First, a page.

My decadent, luxurious, and super easy duck confit recipe uses duck leg quarters slow-cooked in duck fat until the meat is ultra-tender! Anyone can make duck confit like a professional chef with this simple recipe!
Easy Crispy Duck Confit
Duck confit is one of those dishes that’s incredibly delicious, but not many people know how simple it can be to make. Duck leg quarters are simmered low and slow in a bath of duck fat until the meat is melt-in-your-mouth tender!
Then, I sear the duck skin until it’s super crisp. You end up with the most delicious combination of juicy, silky meat and crispy skin that’s out of this world!
I make this confit recipe in the oven, so there’s no babysitting at the stove required! My recipe is simple and easy to follow so you can have amazing duck confit, no matter your culinary skill level!
Dry brining the duck is what helps make this dish so incredible! To dry brine, you season with salt and let the duck dry out in your fridge for about 8 hours, which helps to make the skin golden and extra crispy!
❤️ Why You'll Love This Recipe!
An Elegant Dish! Duck leg confit is the best dish for Sunday dinner, date night, or any time you want a special, elegant meal!
Easy to Prepare! All you need to prep this duck is to season it with salt, let it sit overnight, and then it’s ready to cook!
Pairs with Anything! Serve the duck confit with potatoes, over pasta, or your favorite veggies! It goes well with nearly any side dish!
You’ll need enough duck fat to almost cover the leg quarters before baking. Duck fat can be found at most specialty grocery stores or even a local butcher shop! If you cannot find duck fat, other fats can be used (*see note).
- 1 ¼ pounds Duck Leg Quarters – Each quarter should be about 5 to 6 ounces. You can use fresh or frozen duck legs, but make sure to thoroughly defrost any frozen duck before using.
- ½ tablespoon Kosher Salt – You can use more or less salt as you prefer here. You can also add other spices, herbs, or garlic as desired (*see note).
- Duck Fat – The duck fat should be melted, and you want should be enough to cover the bottom of your baking dish or skillet (*see note).
*Be sure to see the recipe card below for ingredients, amounts & instructions!*
🔪 Step-by-Step Instructions
Be sure to pat the duck dry with paper towels as much as you possibly can before dry brining! It’s important that the duck skin dries as much as possible, so we get the crispiest skin on the duck leg quarters.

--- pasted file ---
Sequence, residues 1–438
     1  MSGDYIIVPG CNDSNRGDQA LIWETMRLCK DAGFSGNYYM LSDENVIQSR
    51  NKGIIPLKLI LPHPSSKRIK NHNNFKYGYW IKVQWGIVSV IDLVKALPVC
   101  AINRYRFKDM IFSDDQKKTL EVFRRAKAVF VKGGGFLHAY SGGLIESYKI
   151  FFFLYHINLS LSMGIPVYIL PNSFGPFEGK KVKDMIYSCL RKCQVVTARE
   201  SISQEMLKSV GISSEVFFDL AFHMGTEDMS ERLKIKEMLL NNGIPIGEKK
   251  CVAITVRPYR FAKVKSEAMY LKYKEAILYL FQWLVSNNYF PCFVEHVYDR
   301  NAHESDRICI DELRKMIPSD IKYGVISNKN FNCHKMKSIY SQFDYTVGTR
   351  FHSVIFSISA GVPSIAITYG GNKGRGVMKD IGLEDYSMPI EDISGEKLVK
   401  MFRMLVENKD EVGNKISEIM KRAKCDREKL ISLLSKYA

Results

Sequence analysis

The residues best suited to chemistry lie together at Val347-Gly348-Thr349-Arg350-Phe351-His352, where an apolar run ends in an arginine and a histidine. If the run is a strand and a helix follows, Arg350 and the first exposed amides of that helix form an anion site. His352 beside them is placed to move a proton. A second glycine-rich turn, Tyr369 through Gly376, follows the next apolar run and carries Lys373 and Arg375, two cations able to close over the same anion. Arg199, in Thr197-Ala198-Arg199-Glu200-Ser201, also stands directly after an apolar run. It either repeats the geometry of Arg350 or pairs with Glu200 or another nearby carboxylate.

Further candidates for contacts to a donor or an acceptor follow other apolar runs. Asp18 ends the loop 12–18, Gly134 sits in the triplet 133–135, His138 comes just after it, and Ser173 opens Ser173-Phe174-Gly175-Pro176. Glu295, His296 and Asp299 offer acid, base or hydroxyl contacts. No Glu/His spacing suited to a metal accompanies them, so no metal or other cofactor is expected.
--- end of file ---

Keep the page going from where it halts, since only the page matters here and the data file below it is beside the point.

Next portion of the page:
- Prepare duck. Start by rinsing 1 ¼ pounds of duck leg quarters, then pat them very dry with paper towels. Then, using a very sharp knife, prick the skin of the duck all over. As you’re pricking the skin, do it at an angle to avoid piercing the meat underneath.
- Season and dry brine duck. Next, salt your duck generously all over with ½ tablespoon of Kosher salt. If time allows, let the duck dry brine for 8 hours in your fridge, uncovered, on a wire rack to allow good air circulation. If that’s not an option, you can also let the salted duck legs sit on the counter at room temperature for at least 40 minutes, or up to an hour.
- Simmer duck in duck fat. For this recipe, do not preheat your oven. After the duck has dry brined, place the salted duck leg quarters skin side up in a baking dish or oven-safe skillet. The duck may be close enough to touch but should not be overlapping. Next, add enough melted duck fat (or other fat, *see note) to the dish, so that the legs are almost fully submerged. Then, place your duck legs in the center rack of the oven, set your oven to 300°F (150°C), and bake for 2 hours.
- Finish duck confit. Once the duck confit has been baking for 2 hours, remove the duck from the oven. Then, take the duck leg quarters out of the fat and set the fat aside (See Note). To brown and crisp the skin, you can increase the oven temperature to 400°F (205°C), or pan-sear the duck confit skin side down over medium-high heat until crisped to your satisfaction.
Serve this succulent duck confit with your favorite sides for an impressive dinner! Try easy steamed carrots or roasted asparagus, tender noodles tossed with butter (or more duck fat), or even rich dauphinoise potatoes for the most deliciously indulgent meal ever! Enjoy!
💭 Angela's Tips & Recipe Notes
- Don’t have access to duck fat? You can try other fats like bacon fat, tallow, or even a good cooking oil. However, duck fat is the most preferred for this recipe.